Uncle Vanya (June, 2011)
The arresting visual in Ia Ensterä's wood-saturated set is a canopy of huge, dry branches that unfold in the rafters above the scene like the spokes of a strange wheel - a visual reminder of Astrov's fervent argument for trees as well as a symbol of the comfortable, but terrible death all seem to be moving towards, slowly, of course, taking all the time in the world. - Georgia Young, Austinist Review
Director and translator Graham Schmidt and designer Ensterä seem to be saying that we are not just surrounded by but also dominated by and at the mercy of a corrupt and dying nature, and we see this idea played out in the action of the story...Barry Pineo, Austin Chronicle Review
[Matt] Radford and [Robert] Matney are a dynamic pair, playing well off each other, and infusing their respective roles with nostalgia and melancholy...[Liz] Fisher brings strength and emotional depth to the young wife, illustrating well the interminable suffering of ennui. - Cate Blouke, Statesman Review
About The Production:
Breaking String returned to the Russian canon with a production of Chekhov’s 1899 masterpiece, Uncle Vanya. Ironically sub-titled “Scenes From Country Life,” the play chronicles a climactic moment of rural Russian life. Uncle Vanya is about finding meaning, hope, and conservation in a life that seems to promise little. Chekhov revised his early play Wood Demon (1889) into the triumphant Uncle Vanya.
Uncle Vanya’s theme of ecology speaks to the world's ever-more urgent discussions of conservation and sustainability. Chekhov's insight that the fate of humankind is tied to the fate of the environment now seems prophetic: "In all of you there’s a demon of destruction. You spare neither forests, nor women, nor one another…." (Yelena speaking to Vanya)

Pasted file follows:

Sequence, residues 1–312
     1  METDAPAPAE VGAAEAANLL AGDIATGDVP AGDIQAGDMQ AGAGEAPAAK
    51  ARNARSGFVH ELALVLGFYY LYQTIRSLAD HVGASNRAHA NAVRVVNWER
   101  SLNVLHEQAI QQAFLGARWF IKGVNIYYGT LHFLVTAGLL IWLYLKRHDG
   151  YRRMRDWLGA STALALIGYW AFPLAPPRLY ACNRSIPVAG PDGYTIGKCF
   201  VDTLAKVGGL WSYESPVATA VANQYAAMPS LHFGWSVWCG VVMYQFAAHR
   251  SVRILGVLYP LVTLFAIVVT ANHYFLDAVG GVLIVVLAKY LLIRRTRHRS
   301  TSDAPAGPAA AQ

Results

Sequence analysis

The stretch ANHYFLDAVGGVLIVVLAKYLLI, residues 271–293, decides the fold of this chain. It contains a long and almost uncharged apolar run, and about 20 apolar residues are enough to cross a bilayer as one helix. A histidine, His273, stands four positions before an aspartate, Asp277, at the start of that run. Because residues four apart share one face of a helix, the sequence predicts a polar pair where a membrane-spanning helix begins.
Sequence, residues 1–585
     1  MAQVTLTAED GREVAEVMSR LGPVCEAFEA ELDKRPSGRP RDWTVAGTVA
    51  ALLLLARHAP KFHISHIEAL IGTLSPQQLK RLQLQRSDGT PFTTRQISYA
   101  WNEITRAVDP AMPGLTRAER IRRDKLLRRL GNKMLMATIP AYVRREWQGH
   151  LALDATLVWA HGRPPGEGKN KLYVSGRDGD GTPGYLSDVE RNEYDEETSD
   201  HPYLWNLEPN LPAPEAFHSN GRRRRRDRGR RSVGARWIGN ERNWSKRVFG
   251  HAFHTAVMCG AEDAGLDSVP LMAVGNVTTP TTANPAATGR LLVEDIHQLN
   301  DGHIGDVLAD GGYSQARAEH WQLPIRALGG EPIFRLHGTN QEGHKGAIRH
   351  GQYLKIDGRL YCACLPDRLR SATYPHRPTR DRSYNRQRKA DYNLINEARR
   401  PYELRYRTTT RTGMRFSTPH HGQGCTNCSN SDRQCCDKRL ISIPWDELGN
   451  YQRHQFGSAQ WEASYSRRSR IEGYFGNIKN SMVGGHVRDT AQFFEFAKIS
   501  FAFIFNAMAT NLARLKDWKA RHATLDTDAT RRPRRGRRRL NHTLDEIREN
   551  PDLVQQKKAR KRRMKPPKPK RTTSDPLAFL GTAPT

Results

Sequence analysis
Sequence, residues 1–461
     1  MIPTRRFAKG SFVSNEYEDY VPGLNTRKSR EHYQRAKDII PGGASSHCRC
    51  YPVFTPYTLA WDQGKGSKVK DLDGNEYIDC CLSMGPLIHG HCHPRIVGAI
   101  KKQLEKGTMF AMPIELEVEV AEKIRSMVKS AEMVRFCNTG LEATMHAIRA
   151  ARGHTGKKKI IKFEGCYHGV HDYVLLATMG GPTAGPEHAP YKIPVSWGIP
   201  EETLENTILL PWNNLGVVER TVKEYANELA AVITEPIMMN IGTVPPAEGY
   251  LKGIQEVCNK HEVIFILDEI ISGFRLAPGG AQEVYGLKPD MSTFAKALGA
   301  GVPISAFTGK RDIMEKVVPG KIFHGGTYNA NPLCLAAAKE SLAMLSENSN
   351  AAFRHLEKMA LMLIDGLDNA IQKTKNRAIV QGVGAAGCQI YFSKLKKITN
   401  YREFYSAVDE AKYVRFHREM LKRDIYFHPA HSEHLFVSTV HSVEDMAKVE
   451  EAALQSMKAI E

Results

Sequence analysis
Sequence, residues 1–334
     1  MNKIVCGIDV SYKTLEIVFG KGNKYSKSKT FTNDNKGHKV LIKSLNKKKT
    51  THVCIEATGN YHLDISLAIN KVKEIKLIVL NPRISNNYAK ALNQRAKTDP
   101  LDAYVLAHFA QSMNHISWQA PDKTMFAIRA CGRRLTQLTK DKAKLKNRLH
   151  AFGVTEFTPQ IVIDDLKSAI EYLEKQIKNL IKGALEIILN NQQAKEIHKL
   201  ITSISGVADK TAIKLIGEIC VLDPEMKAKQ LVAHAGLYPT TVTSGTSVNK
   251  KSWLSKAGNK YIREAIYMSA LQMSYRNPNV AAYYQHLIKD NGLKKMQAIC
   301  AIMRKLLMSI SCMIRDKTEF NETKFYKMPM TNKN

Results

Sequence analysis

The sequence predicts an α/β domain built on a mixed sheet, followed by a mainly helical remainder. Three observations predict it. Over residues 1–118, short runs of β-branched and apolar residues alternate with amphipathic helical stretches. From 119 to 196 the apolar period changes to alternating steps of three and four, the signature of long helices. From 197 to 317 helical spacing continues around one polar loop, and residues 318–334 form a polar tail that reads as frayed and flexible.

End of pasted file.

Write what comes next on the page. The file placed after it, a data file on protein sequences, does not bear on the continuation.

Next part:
Breaking String’s Uncle Vanya featured direction and an original translation by Graham Schmidt. The ensemble cast of actors includes Robert Deike, Emily Everidge, Liz Fisher, Harvey Guion, Anne Hulsman, Chris Humphrey, Robert Matney, and Matt Radford. The production also features sound design and original music by Adam Hilton and Henna Chou, scenic design by Ia Enstera, costume design by Julia Howze, and lighting design by Steven Shirey.
This is the fourth work for which Breaking String Theater has commissioned an original translation from resident translator Graham Schmidt. Of the practice, Schmidt observed that “it is integral to our process, our identity, and is a reflection of our desire for direct contact with Chekhov's words, tailored for this moment and for our work.”
- B. Iden Payne Award Nomination - Outstanding Lighting Design Steven Shirey
- Winner - Austin Critics' Table Award for Outstanding Scenic Design, Ia Enstera
- Winner - Austin Critics' Table Award for Outstanding Costume Design, Julia Chinnock-Howze
- Austin Critics Table Award Nomination for Outstanding Actor in a Lead Role, Matt Radford
- Austin Critics' Table Award Nomination for Outstanding Actor in a Supporting Role, Emily Nicole Everidge